COVID-19: Plans to reopen English schools must address risks to BAME staff and pupils
Updated: Jul 9, 2020
During the government-enforced lockdown schools across England have had no other choice but to offer a limited curriculum online, relying on parents and guardians to supervise work.
Secondary schools in England have been allowed to reopen for Years 10 and 12 since 15 June, and the teaching of vulnerable children and those of critical workers in all year groups will continue.
Due to local council advice and a lack of means for certain schools to reopen safely for students, some schools have not reopened.
While the reopening of classrooms in the UK is happening in a phased process, plans by the Prime Minister to reopen schools more widely in the coming months pose particular problems for members of the BAME community.
Patrick Roach, the general secretary of the teachers' union NASUWT, called on Boris Johnson to ensure that the government's approach to reopening England's schools will address the disproportionate impact of the coronavirus on black and minority ethnic people.
With early figures of COVID-19 showing that 35 percent of almost 2,000 patients in intensive care units were black or from another minority ethnic background - and also considering BAME people make up only 14 percent of Britain's population - it is understandable that a sense of fear and anxiety now exists among many BAME teachers.
Roach has also criticised the government's Scientific Advisory Group for Emergencies for its failure to address ethnicity in their recently published report that analyses the risks posed by reopening. The general secretary for NASUWT, said: "We can't have a color blind approach to the relaxation of the current rules to protect against this major public health crisis".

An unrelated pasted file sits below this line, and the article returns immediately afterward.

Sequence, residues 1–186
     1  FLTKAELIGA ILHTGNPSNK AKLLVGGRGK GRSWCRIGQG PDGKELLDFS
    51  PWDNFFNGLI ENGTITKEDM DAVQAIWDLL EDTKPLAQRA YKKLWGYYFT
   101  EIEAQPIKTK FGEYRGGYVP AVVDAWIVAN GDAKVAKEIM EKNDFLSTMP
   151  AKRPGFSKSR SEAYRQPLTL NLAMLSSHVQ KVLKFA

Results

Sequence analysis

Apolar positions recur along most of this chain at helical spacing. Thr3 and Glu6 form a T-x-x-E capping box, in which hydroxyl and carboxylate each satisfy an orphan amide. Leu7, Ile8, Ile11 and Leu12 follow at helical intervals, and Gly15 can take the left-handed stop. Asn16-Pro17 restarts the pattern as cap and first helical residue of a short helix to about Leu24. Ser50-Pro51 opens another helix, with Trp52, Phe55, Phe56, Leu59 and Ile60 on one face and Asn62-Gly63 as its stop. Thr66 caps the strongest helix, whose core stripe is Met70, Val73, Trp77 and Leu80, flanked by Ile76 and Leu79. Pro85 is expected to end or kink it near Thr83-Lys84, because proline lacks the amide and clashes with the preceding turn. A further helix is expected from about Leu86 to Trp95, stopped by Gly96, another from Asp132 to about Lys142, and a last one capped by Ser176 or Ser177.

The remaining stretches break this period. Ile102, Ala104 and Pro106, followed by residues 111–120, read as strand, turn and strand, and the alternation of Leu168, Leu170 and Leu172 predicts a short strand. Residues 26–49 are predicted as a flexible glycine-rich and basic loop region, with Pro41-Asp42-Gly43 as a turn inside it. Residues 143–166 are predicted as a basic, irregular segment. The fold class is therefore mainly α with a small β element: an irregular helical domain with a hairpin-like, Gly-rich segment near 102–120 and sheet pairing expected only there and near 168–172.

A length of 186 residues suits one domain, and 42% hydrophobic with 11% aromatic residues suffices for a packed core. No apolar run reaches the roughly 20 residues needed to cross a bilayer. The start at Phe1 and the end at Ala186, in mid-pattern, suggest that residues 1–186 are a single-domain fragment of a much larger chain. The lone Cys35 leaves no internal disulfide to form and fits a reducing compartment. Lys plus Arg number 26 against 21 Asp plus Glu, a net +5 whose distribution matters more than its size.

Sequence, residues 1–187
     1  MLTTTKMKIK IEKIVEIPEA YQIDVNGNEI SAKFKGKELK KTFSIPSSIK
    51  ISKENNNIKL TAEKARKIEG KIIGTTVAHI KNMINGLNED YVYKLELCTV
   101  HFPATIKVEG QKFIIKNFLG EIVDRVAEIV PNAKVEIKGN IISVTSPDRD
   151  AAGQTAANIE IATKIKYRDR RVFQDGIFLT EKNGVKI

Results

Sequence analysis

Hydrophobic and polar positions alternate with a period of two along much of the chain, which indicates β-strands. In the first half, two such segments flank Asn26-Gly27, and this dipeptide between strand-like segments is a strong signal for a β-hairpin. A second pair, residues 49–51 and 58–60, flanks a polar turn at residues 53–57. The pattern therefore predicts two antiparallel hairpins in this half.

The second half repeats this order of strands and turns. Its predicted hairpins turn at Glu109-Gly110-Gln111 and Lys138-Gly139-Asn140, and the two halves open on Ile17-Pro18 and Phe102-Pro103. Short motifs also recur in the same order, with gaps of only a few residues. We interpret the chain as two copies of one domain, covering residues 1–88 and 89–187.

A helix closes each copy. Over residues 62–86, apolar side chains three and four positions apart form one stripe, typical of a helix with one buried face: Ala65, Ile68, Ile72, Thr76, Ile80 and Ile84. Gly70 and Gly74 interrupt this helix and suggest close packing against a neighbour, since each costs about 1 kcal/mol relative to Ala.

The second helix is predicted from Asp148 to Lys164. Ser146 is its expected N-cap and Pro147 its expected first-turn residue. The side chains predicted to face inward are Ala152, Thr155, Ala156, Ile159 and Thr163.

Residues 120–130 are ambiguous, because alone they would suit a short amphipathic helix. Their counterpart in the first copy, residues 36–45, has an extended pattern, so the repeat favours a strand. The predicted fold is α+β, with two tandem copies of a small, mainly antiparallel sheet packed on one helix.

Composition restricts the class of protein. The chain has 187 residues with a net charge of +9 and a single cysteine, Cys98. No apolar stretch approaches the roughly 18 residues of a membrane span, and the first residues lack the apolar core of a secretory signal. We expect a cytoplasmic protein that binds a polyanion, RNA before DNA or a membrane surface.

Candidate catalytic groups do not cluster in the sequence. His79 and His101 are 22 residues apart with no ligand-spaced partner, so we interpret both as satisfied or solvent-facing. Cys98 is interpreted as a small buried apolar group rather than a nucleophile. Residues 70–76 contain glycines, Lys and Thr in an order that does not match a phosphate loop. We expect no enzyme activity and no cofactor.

Many parents from BAME backgrounds are denying their children the return back to school because of concerns on the disproportional impact on them as ethnic minority parents if their child were to contract the virus and bring it home.
BAME staff and pupils deserve to know what risks they face, just how vulnerable they are, and how state education will address and combat the issues at hand.
With the government's coronavirus track and trace failure, the NASUWT is understandably dissatisfied with the government's current route to use this as a robust method to reopen schools.
Sue Harte, the headteacher of John Stainer community primary school in Brockley, south-east London, has decided not to reopen the school, saying she had received no information about test, track and trace. Harte commented on the matter by saying: "I honestly have got no sense of where the government are with that".
It is vital that schools are sensitive to the needs and concerns of BAME staff, pupils and parents. Measures must be considered and put in place to address them.